The hull of the Enterprise is detailed fairly extensively with all of the windows that the ship had, along with the nooks and crannies for weapons and similar details. What it lacks are the light effects needed to make the starship truly work in a realistic fashion. The Enterprise-D is covered in windows from people's quarters, lit from within in a rather striking and obvious way. The toy does nothing close to that and as a result, the overall effect of the Enterprise is lost. However, as a result of the battle damage, when the explode-away panels are ejected, there are burn holes left that glow red with a new light effect. This is mildly entertaining (it is basically a big, square red piece of plastic with a very small light underneath it that throbs when the button is pushed, not even illuminating the whole blasted-away portion) but not an incredible effect.
It is similarly baffling that with such attention to detail for the sculptural lines and indentations, Playmates would resort to multiple decals for such things as Ten Forward's windows and the writing on the aft-top and bottom sections of the starship, as opposed to painting it on or making it part of the actual sculpt. This is nitpicky, to be sure, but it is annoying that Playmates does not do the work of applying the decals. The Enteprise-D is labeled in several places and it's annoying to have to put all the decals on; after all, if I had wanted a model, I would have purchased a model, not the toy. Even more annoying; some of the decals represent bars that could have been light effects.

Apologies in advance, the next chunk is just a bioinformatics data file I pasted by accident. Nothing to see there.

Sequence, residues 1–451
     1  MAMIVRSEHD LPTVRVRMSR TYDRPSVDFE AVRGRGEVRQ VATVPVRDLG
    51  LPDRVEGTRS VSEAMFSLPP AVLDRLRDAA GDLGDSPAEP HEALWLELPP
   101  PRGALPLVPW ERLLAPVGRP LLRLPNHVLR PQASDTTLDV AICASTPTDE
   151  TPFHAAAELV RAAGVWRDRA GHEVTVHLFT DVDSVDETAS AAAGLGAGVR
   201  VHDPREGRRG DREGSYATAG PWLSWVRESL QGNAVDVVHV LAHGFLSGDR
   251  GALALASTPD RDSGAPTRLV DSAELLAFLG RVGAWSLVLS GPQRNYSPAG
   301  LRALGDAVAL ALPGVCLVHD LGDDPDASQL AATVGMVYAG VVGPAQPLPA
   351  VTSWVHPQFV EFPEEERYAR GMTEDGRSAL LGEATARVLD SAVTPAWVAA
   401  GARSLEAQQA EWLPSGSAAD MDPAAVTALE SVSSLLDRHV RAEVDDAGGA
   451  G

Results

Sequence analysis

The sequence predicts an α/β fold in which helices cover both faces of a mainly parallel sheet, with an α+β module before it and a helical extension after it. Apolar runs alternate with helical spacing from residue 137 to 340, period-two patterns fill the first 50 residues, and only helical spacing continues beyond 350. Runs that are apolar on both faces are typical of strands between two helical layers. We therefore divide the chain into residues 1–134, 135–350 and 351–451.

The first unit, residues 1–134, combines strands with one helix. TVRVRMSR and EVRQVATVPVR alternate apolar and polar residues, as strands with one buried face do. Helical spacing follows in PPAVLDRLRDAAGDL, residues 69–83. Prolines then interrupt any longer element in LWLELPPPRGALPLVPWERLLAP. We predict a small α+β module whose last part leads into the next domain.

The light effects are disappointing in that they are exclusively contained to the warp nacelles and the battle damage holes. Despite the deflector dish being made of translucent plastic, it does not light up. Neither does the bridge or any of the other lights. The light effects that the ship DOES have are decent, it just needed more to make the toy truly wow collectors.
Fortunately, this Enterprise does have a stand! Supported by a Star Trek: Generations communicator-shaped base, the stand raises and supports the Battle Damaged Enterprise about a foot off the surface the stand it placed on. As collectors became more sophisticated with future releases and made it clear to Playmates that they wanted to be able to display the starships, Playmates began to include stands that the starships would rest upon and this one does that.
The toy is outfitted with two buttons on the front of the saucer section of the ship which generates sounds from a sound chip. When pressed, the toy emits sounds of: the Enterprise being shot at and blowing apart. The sound effects are easily more memorable than the light effects and they make for an interesting selling point and conversation piece.